In the November 2008 issue of ADJ, the then MG Neo Kian Hong (and current CDF) also said the the Leopard 2A4s would be upgraded and below are pictures of the Leopard 2A4 upgrade (see post #51 in another DT pix thread for more info).

Top view of the Leopard 2A4 and the uparmoured version side by side


Side View of the uparmoured Leopard 2-SG


Waylander has noted that IBD said that they developed this for one special customer and weasel1962 has also pointed out the similarities found in the hinge mechanism of the AMAP(Advanced Modular Armour Protection) system by IBD.

I note that in Nov 2008, I posted a link at post #48 of another thread that showed a ST Kinetics (STK) made Bronco with Active Defense System AMAP-ADS and Multi-Purpose IED-Protection on display EUROSATORY 2008 (click on link for 2008 IBD news).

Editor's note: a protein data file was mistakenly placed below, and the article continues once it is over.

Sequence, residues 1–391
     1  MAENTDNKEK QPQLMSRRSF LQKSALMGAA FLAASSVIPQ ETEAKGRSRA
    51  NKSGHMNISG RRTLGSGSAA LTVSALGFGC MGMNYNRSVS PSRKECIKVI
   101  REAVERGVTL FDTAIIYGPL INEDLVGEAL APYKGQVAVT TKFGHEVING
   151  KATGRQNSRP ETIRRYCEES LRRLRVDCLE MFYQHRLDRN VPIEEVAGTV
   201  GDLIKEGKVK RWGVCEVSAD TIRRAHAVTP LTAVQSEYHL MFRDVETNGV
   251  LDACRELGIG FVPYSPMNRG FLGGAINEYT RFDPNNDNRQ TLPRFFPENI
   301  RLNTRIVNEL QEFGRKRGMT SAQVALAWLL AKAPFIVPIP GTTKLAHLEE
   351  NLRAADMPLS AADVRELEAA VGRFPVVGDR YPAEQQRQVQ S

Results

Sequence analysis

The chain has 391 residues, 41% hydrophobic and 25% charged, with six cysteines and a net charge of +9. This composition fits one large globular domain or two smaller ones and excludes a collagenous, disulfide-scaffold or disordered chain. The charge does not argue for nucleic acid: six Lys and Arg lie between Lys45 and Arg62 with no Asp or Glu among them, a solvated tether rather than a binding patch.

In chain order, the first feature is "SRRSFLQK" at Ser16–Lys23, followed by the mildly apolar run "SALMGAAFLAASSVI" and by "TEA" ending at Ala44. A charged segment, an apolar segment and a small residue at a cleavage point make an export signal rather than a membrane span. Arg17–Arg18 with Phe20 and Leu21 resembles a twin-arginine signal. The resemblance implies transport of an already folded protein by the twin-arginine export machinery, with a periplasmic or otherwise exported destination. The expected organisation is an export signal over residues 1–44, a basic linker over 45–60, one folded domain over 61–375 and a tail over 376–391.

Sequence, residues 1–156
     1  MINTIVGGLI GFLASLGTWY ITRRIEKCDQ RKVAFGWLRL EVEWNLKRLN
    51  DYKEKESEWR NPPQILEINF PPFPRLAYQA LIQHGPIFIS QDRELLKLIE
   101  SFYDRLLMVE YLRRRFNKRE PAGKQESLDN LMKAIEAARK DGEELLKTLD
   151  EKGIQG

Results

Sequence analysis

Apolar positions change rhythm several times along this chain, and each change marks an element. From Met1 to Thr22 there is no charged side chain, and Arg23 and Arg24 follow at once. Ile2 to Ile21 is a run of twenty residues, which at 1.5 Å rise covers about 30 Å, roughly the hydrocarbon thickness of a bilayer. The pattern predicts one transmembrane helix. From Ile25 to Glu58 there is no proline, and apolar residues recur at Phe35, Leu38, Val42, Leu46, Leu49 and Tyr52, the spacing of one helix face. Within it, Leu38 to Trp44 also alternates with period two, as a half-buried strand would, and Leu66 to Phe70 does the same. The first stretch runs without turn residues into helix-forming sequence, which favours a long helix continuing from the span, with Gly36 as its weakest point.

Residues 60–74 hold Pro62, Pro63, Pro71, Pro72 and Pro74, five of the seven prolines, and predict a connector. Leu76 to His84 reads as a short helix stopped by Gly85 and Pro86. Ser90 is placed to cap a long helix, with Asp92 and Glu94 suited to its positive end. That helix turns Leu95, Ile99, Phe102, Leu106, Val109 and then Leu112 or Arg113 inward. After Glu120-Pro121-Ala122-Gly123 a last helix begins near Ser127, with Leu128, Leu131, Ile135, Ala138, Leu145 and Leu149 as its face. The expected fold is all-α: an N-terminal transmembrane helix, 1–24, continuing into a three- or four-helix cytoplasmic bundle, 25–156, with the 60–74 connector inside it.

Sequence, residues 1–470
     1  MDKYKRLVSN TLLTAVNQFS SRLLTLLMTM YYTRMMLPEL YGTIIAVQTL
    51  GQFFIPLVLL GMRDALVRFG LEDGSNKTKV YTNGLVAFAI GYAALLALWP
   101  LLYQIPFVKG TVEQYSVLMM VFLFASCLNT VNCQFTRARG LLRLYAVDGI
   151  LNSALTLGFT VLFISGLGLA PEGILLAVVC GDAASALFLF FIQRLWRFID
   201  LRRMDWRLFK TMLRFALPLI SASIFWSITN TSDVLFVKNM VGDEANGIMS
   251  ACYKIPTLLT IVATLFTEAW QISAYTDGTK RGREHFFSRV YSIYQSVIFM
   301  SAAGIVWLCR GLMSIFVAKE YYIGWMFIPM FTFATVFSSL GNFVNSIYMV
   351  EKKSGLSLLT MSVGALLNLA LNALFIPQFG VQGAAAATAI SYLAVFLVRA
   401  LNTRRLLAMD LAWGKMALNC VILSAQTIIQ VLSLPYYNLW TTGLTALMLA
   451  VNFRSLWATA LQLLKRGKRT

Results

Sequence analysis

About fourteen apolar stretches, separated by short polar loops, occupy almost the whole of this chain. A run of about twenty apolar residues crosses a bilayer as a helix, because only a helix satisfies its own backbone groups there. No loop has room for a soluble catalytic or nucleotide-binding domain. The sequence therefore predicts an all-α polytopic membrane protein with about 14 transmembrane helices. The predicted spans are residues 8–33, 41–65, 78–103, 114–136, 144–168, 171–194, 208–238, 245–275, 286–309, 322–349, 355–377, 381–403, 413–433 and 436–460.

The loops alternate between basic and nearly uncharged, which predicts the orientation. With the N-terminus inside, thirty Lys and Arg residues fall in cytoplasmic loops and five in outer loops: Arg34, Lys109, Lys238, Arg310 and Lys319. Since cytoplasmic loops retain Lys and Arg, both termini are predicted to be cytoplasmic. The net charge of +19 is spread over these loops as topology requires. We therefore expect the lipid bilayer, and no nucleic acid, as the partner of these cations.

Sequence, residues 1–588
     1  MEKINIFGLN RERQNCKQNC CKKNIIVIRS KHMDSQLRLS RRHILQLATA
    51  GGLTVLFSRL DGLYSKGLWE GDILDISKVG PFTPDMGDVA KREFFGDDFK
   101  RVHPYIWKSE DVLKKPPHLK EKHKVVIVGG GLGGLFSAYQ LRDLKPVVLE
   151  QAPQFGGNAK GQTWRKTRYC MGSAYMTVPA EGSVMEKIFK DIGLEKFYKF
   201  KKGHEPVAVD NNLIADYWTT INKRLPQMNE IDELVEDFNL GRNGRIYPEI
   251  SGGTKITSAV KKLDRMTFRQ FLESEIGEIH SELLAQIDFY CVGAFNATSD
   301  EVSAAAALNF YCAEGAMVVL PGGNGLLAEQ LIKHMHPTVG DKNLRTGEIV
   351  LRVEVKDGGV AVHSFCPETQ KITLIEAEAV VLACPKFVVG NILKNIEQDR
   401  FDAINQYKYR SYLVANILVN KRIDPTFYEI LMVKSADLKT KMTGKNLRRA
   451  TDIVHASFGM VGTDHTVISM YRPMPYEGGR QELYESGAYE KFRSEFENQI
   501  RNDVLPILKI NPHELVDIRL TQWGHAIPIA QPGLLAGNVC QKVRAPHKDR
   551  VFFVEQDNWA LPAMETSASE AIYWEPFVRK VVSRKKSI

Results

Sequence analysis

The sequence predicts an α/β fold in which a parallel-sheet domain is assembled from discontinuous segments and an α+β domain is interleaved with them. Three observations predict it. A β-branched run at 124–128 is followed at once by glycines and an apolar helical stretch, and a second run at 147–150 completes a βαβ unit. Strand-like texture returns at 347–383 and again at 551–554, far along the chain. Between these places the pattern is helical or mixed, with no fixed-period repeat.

Videos of Singapore 2010 National Day Parade (NDP) rehearsals - mobile column
(i) NDP 2010 Mobile Column Rehearsal @ Tuas - YouTube
(ii) YouTube
[h/t to spiderweb6969, owd33, XaberXV-25, weasel1962, gary1910 and xtemujin of the milnuts gang]

In an April 2010 interview with Defence News, Singapore's DPM Teo Chee Hean revealed that Singapore spends about 4.5 percent of GDP on defence) and the Singapore 2010 budget for defence set at S$11.46 billion dollars (or US$8.13 billion).

Hopefully the other Singaporean members will come here and post more pixs.

Last edited by OPSSG; March 23rd, 2013 at 10:54 PM.
OPSSG is offline  
Old June 22nd, 2010   #2
Super Moderator
Lieutenant General
OPSSG's Avatar
Join Date: Sep 2008
Location: Singapore
Posts: 2,849
Threads:
L2-SG*


Bionix IIs

Singapore actually has armoured infantry (and named as Singapore Armoured Regiments), who are carried in Bionix II IFVs and they are meant to function as part of a heavy or armoured battlegroup (along with the Leopard 2SG MBTs and supported by tracked self propelled howitzers) to seek gaps in against a broad enemy front in a conventional war. The SAF uses the Bronco (hence the horse reference in the Bronco name) as a logistics support vehicle and as a 120mm mortar carrier (as part of our armour spearhead).